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Oxygen is a rather boring element. It has only two allotropes, dioxygen and ozone. Dioxygen has a double bond, and ozone has a delocalised cloud, giving rise to two "1.5 bonds".

On the other hand, sulfur has many stable allotropes, and a bunch of unstable ones as well. The variety of allotropes, is mainly due to the ability of sulfur to catenate.

But, sulfur does not have a stable diatomic allotrope at room temperature. I, personally would expect disulfur to be more stable than dioxygen, due to the possibility of $\mathrm{p}\pi\text{-}\mathrm{d}\pi$ back-bonding.

So, why do sulfur and oxygen have such opposite properties with respect to their ability to catenate?

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First, a note: while oxygen has fewer allotropes than sulfur, it sure has more than two! These include $\ce{O}$, $\ce{O_2}$, $\ce{O_3}$, $\ce{O_4}$, $\ce{O_8}$, metallic $\ce{O}$ and four other solid phases. Many of these actually have a corresponding sulfur variant. However, you are right in a sense that sulfur has more tendency to catenate… let's try to see why!

Here are the values of the single and double bond enthalpies: $$\begin{array}{ccc} \hline \text{Bond} & \text{Dissociation energy / }\mathrm{kJ~mol^{-1}} \\ \hline \ce {O-O} & 142 \\ \ce {S–S} & 268 \\ \ce {O=O} & 499 \\ \ce {S=S} & 352 \\ \hline \end{array}$$ This means that $\ce{O=O}$ is stronger than $\ce{S=S}$, while $\ce{O–O}$ is weaker than $\ce{S–S}$. So, in sulfur, single bonds are favoured and catenation is easier than in oxygen compounds.

It seems that the reason for the weaker $\ce{S=S}$ double bonds has its roots in the size of the atom: it's harder for the two atoms to come at a small enough distance, so that the $\mathrm{3p}$ orbitals overlap is small and the $\pi$ bond is weak. This is attested by looking down the periodic table: $\ce{Se=Se}$ has an even weaker bond enthalpy of $\ce{272 kJ/mol}$. There is more in-depth discussion of the relative bond strengths in this question.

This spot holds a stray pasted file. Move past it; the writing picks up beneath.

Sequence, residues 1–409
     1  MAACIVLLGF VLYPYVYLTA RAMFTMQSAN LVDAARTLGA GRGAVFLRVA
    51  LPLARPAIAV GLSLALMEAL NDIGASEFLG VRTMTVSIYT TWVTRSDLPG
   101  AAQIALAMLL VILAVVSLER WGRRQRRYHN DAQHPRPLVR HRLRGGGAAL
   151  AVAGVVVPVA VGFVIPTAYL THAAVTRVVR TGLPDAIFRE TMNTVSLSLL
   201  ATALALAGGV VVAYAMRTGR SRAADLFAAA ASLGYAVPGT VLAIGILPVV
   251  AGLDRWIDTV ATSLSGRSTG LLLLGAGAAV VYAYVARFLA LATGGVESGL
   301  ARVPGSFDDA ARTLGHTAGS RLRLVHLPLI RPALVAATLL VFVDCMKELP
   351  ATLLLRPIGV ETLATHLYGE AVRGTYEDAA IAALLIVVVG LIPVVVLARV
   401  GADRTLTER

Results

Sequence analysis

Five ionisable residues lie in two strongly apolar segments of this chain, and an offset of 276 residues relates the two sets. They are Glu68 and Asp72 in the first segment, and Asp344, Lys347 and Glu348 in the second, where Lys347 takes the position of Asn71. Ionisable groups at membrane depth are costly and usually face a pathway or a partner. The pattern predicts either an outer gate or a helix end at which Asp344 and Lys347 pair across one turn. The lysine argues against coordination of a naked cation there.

While not particularly stable, it's actually also possible for oxygen to form discrete molecules with the general formula $\ce{H-O_n-H}$; water and hydrogen peroxide are the first two members of this class, but $n$ goes up to at least $5$. These "hydrogen polyoxides" are described further in this question.

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  • $\begingroup$ Do the rest of the elements follow the expected order? I mean the order is: S-S > O-O > Se-Se > Te-Te ? $\endgroup$ – Piyush Maheshwari Apr 18 '18 at 14:35
  • $\begingroup$ Expanding upon this answer, we may need to reconsider what we consider as "catenating". Does it mean it's easy to form bonds with itself to form polymeric substances? If so, easy at what temperature? I believe oxygen catenates just as easily as sulfur albeit at a lower temperature range. $\endgroup$ – Pritt Balagopal Nov 26 '18 at 17:32

protected by Martin - マーチン Mar 8 '16 at 10:01

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